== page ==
June 16, 2011

Daily Housing News Round-Up

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Congratulations are in order today, as HUD joins the Department of Transportation and Environmental Protection Agency in celebrating the second birthday of the Partnership for Sustainable Communities. Read more about the partnership here.

Speaking of sustainability, the City University of New York released this awesome map today. It shows, house by house, how much energy every rooftop in New York City could generate with solar power. It also shows how much solar would save in energy costs and reduced carbon emissions. Did you know Madison Square Garden could cut its electric bill by $127,961 with solar?

According to the CUNY study, two-thirds of the rooftops in the Big Apple could be used to generate solar energy, enough to provide half of the city’s power in peak periods.

And since so much of the city can be used for it, New Yorkers will be happy to know solar power may soon become the cheapest energy source around (including fossil fuels), and might already be the least expensive.

As part of the National Healthy Homes Conference in Denver this weekend, hundreds of volunteers will take part in a two-day “blitz rebuild” to upgrade a neighborhood with safer, healthier housing.

San Antonio will help provide support and housing to homeless veterans thanks to a HUD grant.

Recovery Act funding helped some low-income apartments go green.

Finally, ever wonder what public transit can do for a neighborhood? Check out these photos of Washington’s Columbia Heights neighborhood before and after development centered around a Metro station.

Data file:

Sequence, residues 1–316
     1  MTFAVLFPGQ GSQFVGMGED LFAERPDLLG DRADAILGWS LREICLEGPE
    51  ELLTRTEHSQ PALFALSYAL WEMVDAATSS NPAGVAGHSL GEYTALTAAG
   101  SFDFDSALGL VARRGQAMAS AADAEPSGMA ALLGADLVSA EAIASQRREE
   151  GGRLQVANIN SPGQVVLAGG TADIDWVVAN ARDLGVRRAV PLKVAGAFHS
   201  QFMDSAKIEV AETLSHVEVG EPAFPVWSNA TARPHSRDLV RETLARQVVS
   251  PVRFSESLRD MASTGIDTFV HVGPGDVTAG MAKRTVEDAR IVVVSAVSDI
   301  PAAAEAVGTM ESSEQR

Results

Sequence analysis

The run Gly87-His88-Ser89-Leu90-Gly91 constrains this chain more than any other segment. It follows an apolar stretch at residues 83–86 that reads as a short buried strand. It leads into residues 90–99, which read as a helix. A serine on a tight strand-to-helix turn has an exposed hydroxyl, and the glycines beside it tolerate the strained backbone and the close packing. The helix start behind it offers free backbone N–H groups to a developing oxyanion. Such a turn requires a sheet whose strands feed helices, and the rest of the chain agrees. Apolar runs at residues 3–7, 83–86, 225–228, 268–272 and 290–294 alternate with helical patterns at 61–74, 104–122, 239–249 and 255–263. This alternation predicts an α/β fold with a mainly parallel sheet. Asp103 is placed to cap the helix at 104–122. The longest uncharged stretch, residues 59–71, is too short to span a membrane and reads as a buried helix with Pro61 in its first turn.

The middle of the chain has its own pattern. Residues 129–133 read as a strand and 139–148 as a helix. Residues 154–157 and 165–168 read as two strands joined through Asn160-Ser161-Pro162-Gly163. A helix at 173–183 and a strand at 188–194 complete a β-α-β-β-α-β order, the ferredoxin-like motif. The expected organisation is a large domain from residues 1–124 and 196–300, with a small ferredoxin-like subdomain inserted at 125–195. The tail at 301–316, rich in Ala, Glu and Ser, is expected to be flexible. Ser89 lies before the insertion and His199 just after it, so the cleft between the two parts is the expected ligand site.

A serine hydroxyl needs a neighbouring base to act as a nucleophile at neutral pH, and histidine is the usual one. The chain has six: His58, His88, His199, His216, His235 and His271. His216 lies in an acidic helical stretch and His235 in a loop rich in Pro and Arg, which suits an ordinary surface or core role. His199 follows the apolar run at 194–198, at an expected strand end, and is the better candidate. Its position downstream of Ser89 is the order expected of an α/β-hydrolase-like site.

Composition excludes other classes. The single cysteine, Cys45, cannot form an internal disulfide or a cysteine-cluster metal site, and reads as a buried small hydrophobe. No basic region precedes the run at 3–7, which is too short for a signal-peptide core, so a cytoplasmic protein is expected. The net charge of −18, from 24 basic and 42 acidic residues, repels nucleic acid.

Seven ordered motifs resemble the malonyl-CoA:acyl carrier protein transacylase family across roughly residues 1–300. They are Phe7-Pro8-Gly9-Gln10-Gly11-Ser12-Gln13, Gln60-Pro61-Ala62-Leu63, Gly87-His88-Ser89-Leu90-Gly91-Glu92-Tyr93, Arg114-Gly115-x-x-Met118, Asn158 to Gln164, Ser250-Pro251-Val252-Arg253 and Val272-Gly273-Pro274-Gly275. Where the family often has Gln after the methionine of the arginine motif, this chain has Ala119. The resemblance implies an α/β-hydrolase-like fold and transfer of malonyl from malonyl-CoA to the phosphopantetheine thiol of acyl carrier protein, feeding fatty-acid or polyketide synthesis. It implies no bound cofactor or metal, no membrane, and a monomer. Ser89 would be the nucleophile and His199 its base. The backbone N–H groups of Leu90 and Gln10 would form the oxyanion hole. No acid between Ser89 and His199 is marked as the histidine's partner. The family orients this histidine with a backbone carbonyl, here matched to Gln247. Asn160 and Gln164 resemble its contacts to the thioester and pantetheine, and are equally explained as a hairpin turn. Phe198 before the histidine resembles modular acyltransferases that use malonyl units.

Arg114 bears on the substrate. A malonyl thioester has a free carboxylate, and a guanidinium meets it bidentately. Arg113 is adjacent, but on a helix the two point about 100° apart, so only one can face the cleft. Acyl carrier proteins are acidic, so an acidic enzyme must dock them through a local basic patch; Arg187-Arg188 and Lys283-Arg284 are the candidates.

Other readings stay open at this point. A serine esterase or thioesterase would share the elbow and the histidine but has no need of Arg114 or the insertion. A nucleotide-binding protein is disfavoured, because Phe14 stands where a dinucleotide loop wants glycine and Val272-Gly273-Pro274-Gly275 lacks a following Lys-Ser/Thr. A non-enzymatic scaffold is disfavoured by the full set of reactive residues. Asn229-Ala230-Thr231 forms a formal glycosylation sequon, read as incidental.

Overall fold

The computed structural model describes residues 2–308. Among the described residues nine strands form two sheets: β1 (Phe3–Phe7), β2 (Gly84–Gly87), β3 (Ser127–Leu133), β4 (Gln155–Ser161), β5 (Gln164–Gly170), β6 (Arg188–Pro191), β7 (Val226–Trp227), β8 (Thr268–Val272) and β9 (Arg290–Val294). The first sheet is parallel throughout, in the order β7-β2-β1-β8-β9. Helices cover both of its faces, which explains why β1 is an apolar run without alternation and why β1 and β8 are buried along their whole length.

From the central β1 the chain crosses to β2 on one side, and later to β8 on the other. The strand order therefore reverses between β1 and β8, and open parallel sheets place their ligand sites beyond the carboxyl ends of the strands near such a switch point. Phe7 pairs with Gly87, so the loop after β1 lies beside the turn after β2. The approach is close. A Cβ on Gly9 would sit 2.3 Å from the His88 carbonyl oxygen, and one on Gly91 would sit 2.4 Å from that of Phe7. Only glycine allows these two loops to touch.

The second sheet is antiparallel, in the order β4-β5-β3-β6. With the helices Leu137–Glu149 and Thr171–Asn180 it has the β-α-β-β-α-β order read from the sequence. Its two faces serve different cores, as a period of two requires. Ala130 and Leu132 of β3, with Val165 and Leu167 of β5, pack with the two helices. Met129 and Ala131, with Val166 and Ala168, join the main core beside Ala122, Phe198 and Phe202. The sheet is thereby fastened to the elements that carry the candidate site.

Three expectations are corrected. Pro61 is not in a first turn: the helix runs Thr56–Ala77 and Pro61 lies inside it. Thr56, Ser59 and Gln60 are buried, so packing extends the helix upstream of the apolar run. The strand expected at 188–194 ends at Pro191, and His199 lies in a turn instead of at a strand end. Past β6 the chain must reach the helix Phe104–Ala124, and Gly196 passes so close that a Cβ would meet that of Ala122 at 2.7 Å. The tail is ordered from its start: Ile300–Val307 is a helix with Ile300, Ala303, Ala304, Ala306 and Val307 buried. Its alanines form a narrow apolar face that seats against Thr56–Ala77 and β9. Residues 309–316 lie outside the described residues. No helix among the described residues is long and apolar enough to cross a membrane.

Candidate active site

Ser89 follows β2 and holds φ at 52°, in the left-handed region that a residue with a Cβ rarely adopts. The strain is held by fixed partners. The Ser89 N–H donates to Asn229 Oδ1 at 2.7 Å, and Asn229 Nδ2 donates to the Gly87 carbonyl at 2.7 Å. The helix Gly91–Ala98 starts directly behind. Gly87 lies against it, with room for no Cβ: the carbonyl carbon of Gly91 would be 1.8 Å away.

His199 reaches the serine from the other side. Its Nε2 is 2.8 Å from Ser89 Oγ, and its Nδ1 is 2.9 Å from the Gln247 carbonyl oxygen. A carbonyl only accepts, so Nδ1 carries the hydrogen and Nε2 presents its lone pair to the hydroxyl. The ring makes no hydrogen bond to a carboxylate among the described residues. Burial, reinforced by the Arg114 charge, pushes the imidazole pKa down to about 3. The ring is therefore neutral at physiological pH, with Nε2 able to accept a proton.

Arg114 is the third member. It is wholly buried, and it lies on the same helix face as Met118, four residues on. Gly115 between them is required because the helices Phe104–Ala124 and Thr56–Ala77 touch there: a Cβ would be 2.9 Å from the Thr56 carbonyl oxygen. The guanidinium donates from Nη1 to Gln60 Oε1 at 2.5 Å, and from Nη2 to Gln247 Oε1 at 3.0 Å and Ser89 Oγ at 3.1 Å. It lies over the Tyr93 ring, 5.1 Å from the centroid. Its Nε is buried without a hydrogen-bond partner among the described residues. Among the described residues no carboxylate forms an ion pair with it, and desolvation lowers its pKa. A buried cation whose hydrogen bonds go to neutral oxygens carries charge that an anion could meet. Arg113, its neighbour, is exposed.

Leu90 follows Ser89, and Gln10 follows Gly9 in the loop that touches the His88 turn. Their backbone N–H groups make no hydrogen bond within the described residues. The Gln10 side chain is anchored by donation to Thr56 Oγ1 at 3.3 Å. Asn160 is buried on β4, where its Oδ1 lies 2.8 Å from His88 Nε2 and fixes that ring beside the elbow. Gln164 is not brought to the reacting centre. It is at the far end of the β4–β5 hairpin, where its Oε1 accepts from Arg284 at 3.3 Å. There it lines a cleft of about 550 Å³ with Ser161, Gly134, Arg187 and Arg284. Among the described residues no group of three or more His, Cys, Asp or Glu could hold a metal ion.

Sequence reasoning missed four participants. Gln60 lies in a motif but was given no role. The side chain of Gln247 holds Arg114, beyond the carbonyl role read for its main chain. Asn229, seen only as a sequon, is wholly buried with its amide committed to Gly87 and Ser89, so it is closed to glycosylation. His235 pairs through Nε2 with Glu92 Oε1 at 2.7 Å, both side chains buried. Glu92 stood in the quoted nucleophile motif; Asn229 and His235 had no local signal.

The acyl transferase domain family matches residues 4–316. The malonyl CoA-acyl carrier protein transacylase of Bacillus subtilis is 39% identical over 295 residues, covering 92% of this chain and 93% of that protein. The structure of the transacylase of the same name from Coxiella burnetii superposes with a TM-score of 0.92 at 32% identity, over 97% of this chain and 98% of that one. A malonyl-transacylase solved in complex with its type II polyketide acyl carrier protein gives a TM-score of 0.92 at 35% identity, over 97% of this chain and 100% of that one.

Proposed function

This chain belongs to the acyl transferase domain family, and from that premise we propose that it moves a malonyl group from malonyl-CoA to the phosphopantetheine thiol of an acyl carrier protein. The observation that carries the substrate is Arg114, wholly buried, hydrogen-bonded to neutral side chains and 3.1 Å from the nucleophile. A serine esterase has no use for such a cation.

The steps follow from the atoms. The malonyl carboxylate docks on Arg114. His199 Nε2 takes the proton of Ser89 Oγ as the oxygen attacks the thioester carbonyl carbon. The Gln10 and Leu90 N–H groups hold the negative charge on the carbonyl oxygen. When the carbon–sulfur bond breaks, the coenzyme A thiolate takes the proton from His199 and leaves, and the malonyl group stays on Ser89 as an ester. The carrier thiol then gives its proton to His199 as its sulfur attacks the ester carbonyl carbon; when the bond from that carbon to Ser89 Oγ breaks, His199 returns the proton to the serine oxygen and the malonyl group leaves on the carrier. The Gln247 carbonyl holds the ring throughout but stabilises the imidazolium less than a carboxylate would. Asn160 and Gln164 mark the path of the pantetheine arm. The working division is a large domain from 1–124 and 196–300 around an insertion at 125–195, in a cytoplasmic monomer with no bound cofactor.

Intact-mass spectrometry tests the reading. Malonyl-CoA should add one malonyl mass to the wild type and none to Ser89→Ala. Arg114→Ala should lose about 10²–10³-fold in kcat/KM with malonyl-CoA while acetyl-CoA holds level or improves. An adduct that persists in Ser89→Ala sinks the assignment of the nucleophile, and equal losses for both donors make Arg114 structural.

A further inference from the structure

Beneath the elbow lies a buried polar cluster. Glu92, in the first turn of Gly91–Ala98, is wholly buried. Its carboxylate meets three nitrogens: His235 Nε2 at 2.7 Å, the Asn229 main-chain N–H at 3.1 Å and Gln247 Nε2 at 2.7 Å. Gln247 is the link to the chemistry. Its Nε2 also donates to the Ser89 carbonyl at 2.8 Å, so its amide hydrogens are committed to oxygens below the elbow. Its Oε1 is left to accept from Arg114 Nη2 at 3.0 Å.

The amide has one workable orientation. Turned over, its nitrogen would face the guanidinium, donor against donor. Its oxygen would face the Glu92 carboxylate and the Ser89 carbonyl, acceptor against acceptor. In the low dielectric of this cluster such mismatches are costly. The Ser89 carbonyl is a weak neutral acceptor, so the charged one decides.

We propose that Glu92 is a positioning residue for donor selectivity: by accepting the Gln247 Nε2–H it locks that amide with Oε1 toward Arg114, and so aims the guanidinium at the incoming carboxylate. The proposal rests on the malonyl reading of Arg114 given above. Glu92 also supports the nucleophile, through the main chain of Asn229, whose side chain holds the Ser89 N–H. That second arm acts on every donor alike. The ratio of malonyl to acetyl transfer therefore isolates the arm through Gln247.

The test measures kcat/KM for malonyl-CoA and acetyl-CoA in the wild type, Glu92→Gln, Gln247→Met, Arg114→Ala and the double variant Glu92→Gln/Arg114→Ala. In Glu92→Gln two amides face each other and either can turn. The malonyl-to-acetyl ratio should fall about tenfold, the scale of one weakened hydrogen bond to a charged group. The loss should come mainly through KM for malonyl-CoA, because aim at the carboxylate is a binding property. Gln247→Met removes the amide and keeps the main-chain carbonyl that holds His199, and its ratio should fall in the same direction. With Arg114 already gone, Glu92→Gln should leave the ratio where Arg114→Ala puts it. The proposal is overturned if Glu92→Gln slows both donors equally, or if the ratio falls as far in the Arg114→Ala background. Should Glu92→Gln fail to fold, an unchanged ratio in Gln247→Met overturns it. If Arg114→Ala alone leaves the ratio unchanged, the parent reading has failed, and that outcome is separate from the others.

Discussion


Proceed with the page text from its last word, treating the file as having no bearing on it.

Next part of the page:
One Response to Daily Housing News Round-Up

  1. A picture is not always worth a thousand words. The before (sort of) and after photos of Columbia Heights, while showing welcome visual and commercial improvement to an area as a result of transit, conceal problems which can also be visited upon a community unless protections for long-time, low income households are built into the planning. Just as U Street changed dramatically after the arrival of Metro, Colombia Heights suffered significant displacement of residents and businesses which called those neighborhoods home.

    I was amused by the comment of people who moved to the area in 2002 and 2004. I can only claim to have familiarity since late 1979 and have watched in amazement as much of DC has changed.

    Public transit and the attendant commercial improvements and neighborhoods with a healthy mix of races,incomes,and ages are desirable — but not with insufficient regard for long-term residents. Let’s promote and celebrate fairness in transit oriented development, but not be blinded by the new and shiny.

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